This was a commission set up for failure. In order to endorse a formal proposal, the commission required 14 votes out of 18: 78 percent of the commission’s members. When you consider the fact that Andy Stern, a left-wing laborite, was never going to vote for any serious deficit-reduction measure, you’re talking about 14 out of 17, or 82 percent. It’s hard enough to get a simple majority of politicians to agree on deficit-reduction measures, let alone a four-fifths majority. And that’s before you consider the fact that Republicans, who are normally more sympathetic to deficit-reduction measures, were outnumbered: Even if all eight of them supported the commission’s findings, six out of ten Democrats would also need to join in.

Given these odds, it’s somewhat miraculous that the commission came up with any useful ideas at all. To its credit, the Commission made constructive proposals for capping discretionary spending, reforming Social Security, and simplifying the tax code (albeit with substantial tax hikes).

But the commission utterly failed in the area in which it needed most to succeed: steering our health-care entitlements onto a sustainable path.

According to the long-term outlook of the Congressional Budget Office, nearly the entirety of the growth in federal spending -- and hence the entirety of the growth of our fiscal cancer -- is driven by runaway spending on health care: Medicare, Medicaid, the Children’s Health Insurance Program, and Obamacare’s exchange subsidies. In contrast, over time, Social Security and other discretionary spending will actually stay relatively constant as a percentage of GDP.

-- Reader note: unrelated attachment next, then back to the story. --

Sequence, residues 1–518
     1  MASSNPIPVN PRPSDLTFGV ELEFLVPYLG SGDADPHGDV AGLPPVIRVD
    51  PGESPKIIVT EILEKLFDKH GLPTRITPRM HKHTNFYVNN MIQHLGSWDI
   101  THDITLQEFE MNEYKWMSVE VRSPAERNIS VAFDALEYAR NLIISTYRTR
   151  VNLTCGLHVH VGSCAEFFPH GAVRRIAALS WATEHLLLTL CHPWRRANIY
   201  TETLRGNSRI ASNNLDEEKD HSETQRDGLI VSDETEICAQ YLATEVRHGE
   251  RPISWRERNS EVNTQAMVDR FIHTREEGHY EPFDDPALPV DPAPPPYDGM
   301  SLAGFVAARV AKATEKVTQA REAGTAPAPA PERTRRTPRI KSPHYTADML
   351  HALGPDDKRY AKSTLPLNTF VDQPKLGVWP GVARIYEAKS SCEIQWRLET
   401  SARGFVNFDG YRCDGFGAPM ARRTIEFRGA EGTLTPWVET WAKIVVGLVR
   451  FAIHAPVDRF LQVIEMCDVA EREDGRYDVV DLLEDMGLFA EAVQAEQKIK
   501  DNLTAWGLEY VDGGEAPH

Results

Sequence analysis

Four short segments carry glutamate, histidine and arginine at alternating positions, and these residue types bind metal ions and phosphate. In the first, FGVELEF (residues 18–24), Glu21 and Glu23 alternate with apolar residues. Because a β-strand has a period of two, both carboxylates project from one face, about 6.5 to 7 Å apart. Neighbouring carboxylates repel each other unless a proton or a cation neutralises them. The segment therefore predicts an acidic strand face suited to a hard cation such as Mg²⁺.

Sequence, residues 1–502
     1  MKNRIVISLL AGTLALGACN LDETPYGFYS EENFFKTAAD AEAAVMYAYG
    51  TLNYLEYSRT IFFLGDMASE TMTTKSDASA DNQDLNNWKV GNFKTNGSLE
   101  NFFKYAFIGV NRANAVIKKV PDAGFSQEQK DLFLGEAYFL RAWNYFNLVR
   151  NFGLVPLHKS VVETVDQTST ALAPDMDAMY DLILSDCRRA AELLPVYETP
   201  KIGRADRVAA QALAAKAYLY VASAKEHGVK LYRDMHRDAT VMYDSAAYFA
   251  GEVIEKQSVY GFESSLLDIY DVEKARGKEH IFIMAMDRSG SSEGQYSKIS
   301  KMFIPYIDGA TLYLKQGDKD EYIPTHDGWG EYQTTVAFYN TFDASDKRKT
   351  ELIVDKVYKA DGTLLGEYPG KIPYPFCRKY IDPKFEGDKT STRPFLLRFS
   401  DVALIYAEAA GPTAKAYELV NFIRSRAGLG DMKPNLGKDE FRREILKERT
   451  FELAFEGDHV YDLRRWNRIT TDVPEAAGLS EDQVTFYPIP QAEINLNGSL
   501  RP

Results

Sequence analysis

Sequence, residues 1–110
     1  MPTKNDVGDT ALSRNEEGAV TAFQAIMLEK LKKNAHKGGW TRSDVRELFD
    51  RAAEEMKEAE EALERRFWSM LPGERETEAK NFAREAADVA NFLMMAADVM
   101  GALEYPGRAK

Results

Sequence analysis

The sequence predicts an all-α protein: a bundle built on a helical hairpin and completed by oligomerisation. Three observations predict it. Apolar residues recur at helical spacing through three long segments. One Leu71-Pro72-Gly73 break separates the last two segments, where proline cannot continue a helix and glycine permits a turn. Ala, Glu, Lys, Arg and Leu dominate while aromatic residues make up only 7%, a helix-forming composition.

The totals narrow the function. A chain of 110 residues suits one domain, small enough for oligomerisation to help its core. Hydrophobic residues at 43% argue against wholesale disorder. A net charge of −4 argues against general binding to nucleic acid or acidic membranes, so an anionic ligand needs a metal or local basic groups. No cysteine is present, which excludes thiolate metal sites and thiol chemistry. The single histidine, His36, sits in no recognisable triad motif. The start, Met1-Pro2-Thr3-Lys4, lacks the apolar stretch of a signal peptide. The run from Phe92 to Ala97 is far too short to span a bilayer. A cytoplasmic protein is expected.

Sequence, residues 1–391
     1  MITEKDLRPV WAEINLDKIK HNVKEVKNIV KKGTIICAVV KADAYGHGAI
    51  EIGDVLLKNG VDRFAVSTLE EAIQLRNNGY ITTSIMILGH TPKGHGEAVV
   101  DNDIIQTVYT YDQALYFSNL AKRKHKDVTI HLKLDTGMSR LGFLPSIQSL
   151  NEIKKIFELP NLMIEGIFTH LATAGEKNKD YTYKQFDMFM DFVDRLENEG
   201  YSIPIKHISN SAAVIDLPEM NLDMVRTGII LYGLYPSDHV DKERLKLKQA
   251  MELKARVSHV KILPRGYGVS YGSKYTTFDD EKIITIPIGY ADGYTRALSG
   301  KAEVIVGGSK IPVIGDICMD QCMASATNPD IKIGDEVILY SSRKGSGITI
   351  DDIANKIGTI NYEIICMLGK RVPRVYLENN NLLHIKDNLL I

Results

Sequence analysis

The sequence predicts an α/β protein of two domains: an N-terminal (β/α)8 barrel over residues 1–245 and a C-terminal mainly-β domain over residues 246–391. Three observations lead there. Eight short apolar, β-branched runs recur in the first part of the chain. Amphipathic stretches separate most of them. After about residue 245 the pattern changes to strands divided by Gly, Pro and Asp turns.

When it comes to health care, the commission’s plan would hardly prevent a fiscal collapse: Instead, it would guarantee one. By replacing the meaty plan of the old Breaux-Thomas group with a hodgepodge of half-measures, the commission did nothing to address the fundamental flaws in government health policy.

First off, this being President Obama’s commission, repealing Obamacare was off the table. Hence, any consensus would involve endorsing and ossifying the budget-busting aspects of our new health-care law: the massive expansion of Medicaid and the huge new insurance subsidies for lower-income individuals. (The CLASS Act, a new entitlement for long-term care, was a notable exception; the commission did recommend its repeal, if it cannot be adequately reformed.) Spending on these programs is certain to exceed CBO projections, and tax rates can’t increase fast enough to make up the difference.

The commission missed other opportunities for reform. Instead of eliminating the employer tax exclusion—the tax break that allows employers but not individuals to buy health insurance tax-free—the Commission proposed tinkering around the edges: capping the deductible amount at the 75th percentile of premium levels and reducing the “Cadillac tax” on expensive health plans.

In contrast, real reform would either eliminate the exclusion altogether, or give individuals the same tax break, so that individuals could buy insurance for themselves. This reform alone would transform our health-care system and is arguably more important than any other. Instead of seizing this opportunity, the commission chose to dabble in it.